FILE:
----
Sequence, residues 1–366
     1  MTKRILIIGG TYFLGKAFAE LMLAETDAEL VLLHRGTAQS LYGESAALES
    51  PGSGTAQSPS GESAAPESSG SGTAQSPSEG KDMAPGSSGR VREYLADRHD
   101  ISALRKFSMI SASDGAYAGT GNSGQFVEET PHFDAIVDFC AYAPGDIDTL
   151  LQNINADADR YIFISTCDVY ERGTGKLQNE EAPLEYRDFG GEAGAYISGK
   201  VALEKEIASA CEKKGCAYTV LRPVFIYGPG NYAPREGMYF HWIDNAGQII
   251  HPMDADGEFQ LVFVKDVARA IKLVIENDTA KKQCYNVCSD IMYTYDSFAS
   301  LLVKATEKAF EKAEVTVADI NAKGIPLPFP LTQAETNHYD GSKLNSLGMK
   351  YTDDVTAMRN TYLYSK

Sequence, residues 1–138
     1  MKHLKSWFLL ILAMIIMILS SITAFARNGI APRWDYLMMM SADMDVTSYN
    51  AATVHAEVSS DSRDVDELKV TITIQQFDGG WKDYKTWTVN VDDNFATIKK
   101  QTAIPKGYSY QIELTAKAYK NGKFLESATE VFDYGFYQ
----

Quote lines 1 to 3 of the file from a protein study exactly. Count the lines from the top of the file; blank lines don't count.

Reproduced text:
Sequence, residues 1–366
     1  MTKRILIIGG TYFLGKAFAE LMLAETDAEL VLLHRGTAQS LYGESAALES
    51  PGSGTAQSPS GESAAPESSG SGTAQSPSEG KDMAPGSSGR VREYLADRHD